Many acute medical conditions can be treated without admitting patients to the hospital, with no increased risk and, in some cases, higher patient satisfaction, according to a new review.

Researchers analyzed past studies on four alternatives to hospital admission for serious situations like chest pain, heart failure or cancer diagnosis and treatment. The alternatives included emergency room or clinic workup with close outpatient follow-up, specialty quick diagnostic units, "hospital-at-home" care and short stays in dedicated observation units with subsequent outpatient follow-up.

"Importantly, initial work-up in an emergency room or clinic is necessary for risk stratification and initial treatment, but subsequent clinical management can occur in an observation unit, an outpatient clinic or the home," said lead author Dr. Jared Conley of Massachusetts General Hospital and Harvard Medical School in Boston.

The team studied 25 existing research reviews which included a total of 123 prior studies of outpatient management strategies for acute conditions. Not all of the papers included data on death rates compared to hospitalized patients with the same condition.

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But for common serious conditions like pulmonary embolism, community-acquired pneumonia and chemotherapy-induced febrile neutropenia (fever and low blood counts associated with cancer treatment) mortality risk was the same for inpatient and outpatient management.

In general, there was low mortality and high patient satisfaction for quick diagnostic units, and one study found costs were $2,000 to $3,000 lower per patient for quick diagnostic units compared to inpatient care.

For heart failure, chronic obstructive pulmonary disease (COPD) flare-ups, stroke and other conditions, four reviews found no mortality difference between inpatient treatment and hospital-at-home treatment while two reviews found mortality lower at home.

For asthma, chest pain and atrial fibrillation, mortality was the same for observation units and for inpatient management, but patient satisfaction was higher and costs were lower with observation units, the study team reports in JAMA Internal Medicine.

"It should be noted, however, that not all patients within each condition would qualify - only those deemed low-risk (for rapid clinical deterioration) based on inclusion/exclusion criteria and/or clinical scoring systems," Conley told Reuters Health by email.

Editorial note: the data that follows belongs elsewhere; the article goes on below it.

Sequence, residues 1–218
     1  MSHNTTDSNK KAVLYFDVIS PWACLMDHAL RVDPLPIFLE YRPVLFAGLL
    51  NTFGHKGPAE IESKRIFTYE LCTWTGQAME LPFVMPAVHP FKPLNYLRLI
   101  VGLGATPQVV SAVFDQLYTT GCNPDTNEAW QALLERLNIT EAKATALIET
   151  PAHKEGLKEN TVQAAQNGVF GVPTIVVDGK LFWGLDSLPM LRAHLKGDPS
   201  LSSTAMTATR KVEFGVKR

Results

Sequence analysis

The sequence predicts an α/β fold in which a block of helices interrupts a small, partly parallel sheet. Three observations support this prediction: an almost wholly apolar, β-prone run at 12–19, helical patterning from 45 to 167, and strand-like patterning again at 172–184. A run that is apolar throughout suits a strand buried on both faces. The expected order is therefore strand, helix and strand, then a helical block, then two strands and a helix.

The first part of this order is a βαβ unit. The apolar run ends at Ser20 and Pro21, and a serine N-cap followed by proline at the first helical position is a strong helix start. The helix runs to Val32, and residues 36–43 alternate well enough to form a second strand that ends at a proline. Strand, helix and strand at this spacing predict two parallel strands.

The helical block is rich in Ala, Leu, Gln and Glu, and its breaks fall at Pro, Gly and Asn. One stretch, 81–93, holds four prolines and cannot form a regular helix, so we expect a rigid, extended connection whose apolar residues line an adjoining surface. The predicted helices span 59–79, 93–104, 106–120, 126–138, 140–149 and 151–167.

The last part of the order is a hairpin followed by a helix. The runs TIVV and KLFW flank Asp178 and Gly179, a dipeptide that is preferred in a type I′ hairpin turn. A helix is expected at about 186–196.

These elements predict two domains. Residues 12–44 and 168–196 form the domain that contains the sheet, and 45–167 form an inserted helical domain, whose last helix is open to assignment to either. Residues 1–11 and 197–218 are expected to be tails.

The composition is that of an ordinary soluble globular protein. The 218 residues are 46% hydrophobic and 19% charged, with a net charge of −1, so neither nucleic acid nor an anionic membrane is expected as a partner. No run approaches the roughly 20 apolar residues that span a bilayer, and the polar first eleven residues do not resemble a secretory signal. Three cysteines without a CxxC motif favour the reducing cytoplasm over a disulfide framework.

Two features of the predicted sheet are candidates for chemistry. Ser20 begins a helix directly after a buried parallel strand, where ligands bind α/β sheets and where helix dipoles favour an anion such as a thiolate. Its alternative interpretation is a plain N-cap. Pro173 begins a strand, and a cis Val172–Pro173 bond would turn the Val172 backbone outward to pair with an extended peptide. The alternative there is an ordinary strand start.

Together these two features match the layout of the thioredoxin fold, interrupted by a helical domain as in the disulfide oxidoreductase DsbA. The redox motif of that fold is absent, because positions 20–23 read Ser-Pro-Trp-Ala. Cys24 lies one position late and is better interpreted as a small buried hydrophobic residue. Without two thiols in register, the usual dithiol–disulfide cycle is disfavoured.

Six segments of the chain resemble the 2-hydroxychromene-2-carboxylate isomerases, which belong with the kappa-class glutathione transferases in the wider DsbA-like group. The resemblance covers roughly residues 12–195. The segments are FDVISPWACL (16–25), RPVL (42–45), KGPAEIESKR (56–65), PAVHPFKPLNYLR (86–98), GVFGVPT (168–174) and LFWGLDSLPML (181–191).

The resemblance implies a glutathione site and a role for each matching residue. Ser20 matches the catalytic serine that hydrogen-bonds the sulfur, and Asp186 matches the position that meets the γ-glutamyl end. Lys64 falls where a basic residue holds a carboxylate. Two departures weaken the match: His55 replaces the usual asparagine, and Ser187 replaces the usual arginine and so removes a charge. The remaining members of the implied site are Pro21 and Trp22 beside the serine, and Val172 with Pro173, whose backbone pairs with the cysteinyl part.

Patients often prefer care at home rather than a hospital, he said. "The added benefit of making care more affordable through the use of these alternative management strategies further promotes such care redesign," Conley said.

"When an acute medical episode arises and care is sought in the clinic or the ER, patients can now better engage in shared-decisionmaking discussions with their doctor regarding disposition, having more options than simply hospital admission or home for qualifying conditions and clinical risk categories," he said.

For example, with flare ups of COPD patients feel short of breath and need oxygen for a few days, which increasingly can be done in people's homes with some community support, said Dr. James Chalmers of Ninewells Hospital and Medical School in Dundee, U.K., who was not part of the new study.

"Another good example is for antibiotic treatment - patients needing injection antibiotics used to have to stay in hospital for seven or 14 days - now I have patients every week where we train them to give themselves injections of antibiotics so they can do it at home," he told Reuters Health by email.

"We need to do more of this and many places including the United States and the U.K. have been moving more and more in this direction for several years. It is really the only way that healthcare will remain sustainable over the next 20-30 years in my opinion," Chalmers said.